Eco-Justice Ministries  

Eco-Justice Notes
The E-mail Commentary from Eco-Justice Ministries

Earth Day Musings
distributed 4/22/05 - ©2005

This week's issue of Eco-Justice Notes is underwritten by Ted Petranoff, of Denver, Colorado, a dedicated member of the Board of Directors of Eco-Justice Ministry. His generous support helps make this publication possible.

Thirty-five years ago, the first Earth Day launched a popular movement. Based on college campuses as a "teach in", it set out to raise awareness about a broad range of environmental problems. In 1970, "the environment" and "ecology" were foreign concepts to most people. Pollution was just emerging as a matter of general concern.

That first Earth Day helped to spread the idea that smokestacks belching pollution were not an inevitable part of an affluent society. It condemned sewers -- both municipal and industrial -- that were dumping untreated waste into rivers and lakes. Thoughtless littering and uncontrolled dumping were named as repugnant and unacceptable.

Looking back from my advancing middle age, and remembering the world of my high school and college years, I can see profound and lasting impacts from the movement that we celebrate on Earth Day. There is much to celebrate.

Two laws, the Clean Air Act and the Clean Water Act, have been the basis for a remarkable restoration of the US environment. Many forms of air pollution -- from factories and power plants, and from the tailpipes of hundreds of millions of cars -- have been dramatically reduced. Waterways that were essentially devoid of life -- the Hudson River and Lake Erie are among the most dramatic cases -- are functioning habitats again.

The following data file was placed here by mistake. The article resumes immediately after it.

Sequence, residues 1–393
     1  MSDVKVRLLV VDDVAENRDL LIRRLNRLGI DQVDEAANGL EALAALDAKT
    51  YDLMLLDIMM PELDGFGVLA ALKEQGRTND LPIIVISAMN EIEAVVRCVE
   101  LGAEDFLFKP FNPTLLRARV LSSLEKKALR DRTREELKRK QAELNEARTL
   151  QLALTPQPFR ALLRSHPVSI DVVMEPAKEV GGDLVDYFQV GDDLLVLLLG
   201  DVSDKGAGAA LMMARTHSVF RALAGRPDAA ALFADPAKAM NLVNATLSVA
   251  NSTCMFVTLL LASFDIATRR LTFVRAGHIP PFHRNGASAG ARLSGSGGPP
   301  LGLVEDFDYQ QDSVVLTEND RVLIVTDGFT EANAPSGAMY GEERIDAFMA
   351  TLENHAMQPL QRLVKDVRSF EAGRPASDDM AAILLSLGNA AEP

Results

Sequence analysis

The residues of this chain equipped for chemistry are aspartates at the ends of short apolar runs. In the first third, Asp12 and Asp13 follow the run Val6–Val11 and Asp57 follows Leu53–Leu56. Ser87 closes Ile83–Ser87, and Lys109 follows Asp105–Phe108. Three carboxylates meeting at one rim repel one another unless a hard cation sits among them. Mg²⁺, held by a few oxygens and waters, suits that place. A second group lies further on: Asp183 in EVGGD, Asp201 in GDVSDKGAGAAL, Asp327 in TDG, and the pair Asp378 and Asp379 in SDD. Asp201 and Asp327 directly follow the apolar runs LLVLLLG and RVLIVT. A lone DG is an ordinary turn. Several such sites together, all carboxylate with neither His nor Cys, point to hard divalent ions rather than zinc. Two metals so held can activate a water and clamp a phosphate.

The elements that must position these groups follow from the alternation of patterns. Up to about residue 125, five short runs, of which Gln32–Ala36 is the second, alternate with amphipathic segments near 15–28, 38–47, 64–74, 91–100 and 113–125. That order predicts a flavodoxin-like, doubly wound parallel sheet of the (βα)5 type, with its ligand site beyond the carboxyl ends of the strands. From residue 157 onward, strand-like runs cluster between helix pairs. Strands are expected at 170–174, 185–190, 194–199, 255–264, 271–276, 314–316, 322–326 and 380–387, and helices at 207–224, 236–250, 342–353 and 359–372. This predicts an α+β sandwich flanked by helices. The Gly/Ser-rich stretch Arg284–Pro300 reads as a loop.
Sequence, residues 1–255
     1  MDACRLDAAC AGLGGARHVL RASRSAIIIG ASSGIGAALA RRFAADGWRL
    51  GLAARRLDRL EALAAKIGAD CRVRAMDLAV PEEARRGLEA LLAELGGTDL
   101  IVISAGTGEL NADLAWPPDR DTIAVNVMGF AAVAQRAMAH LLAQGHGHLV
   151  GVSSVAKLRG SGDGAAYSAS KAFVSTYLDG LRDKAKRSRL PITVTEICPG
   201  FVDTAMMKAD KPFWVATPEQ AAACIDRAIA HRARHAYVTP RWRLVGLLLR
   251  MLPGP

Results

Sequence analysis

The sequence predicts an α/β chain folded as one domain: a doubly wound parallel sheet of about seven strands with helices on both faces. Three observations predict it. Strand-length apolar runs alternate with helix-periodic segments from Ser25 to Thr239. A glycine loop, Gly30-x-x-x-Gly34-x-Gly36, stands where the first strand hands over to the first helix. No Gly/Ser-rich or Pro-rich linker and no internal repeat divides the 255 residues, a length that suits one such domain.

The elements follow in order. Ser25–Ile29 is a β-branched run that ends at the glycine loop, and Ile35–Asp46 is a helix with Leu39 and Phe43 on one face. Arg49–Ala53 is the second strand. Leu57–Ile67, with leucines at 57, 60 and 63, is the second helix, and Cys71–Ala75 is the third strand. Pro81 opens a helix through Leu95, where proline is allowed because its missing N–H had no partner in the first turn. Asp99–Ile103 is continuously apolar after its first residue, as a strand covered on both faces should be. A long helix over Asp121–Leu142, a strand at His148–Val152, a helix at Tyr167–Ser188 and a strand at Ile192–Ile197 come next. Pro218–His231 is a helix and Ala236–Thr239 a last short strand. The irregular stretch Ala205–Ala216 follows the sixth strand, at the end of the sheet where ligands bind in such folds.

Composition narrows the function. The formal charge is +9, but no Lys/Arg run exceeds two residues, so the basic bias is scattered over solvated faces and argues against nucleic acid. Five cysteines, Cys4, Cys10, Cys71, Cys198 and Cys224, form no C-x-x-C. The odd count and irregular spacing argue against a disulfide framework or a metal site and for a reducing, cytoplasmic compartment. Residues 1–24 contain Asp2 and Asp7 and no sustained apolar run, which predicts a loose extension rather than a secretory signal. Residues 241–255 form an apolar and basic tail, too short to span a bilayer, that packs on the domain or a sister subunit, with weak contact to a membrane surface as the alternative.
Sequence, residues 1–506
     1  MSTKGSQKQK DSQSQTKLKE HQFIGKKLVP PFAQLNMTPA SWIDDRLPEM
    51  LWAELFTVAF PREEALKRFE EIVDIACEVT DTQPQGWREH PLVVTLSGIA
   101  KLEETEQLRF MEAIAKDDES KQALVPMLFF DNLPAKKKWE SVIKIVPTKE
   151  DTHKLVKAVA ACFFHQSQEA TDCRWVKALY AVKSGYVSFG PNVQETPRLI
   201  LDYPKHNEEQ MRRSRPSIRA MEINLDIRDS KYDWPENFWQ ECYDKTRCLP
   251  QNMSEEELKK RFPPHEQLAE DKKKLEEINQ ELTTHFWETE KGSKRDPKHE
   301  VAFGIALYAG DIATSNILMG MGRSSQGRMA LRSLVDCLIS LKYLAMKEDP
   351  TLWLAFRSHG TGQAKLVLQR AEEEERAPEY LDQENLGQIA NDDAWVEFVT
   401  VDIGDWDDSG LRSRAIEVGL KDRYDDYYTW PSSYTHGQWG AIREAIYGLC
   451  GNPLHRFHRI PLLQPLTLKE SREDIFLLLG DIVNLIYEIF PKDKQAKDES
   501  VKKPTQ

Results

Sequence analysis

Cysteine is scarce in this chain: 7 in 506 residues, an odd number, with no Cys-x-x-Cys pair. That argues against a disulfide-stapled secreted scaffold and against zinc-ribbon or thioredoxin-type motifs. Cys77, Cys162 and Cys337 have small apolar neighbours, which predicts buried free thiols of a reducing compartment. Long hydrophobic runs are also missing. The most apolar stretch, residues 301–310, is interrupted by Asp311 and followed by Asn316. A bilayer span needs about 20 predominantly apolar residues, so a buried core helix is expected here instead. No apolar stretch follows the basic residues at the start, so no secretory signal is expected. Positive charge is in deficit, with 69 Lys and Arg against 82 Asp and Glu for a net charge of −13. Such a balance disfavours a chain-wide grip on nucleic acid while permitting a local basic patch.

The first Earth Day is an event that we can name as a symbolic turning point, a moment when environmentalism took to the streets and became a mass movement. There is cause for great gratitude in the hard-fought legislative victories that came in the 1970s. There is cause for celebration in the multitudes of court cases that have enforced those laws. There is cause for celebration in the changing behaviors, both personal and collective, that are now commonplace parts of our lives -- curbside recycling, energy-efficient lighting and appliances, and public transit as a presumed element of urban design.

Thank God -- literally -- for the multitudes of committed folk who have shaped this movement, who have fought the long and bitter battles in legislatures, courts and board rooms, who have educated children, repaired habitats, cleaned up toxic wastes, and organized recycling programs!

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In 2005, there's a need to rethink Earth Day. The dynamic, passionate and influential movement of my youth is now observed half-heartedly for a few days around April 22 with a cluster of "objective" or feel-good news reports, corporate-sponsored races for joggers, a scattering of church services, and a few community educational events. There's not much passion, and there aren't big crowds.

Back when the Earth Day first began, there was a need to educate people about "the environment," and to name as problems factors that too many people saw as normal or even beneficial. But these days, most people are at least aware of some of the dramatic problems. "Global warming" is in our everyday language. Clean air and water are basic expectations, not idealistic dreams. Littering is down, and recycling is up.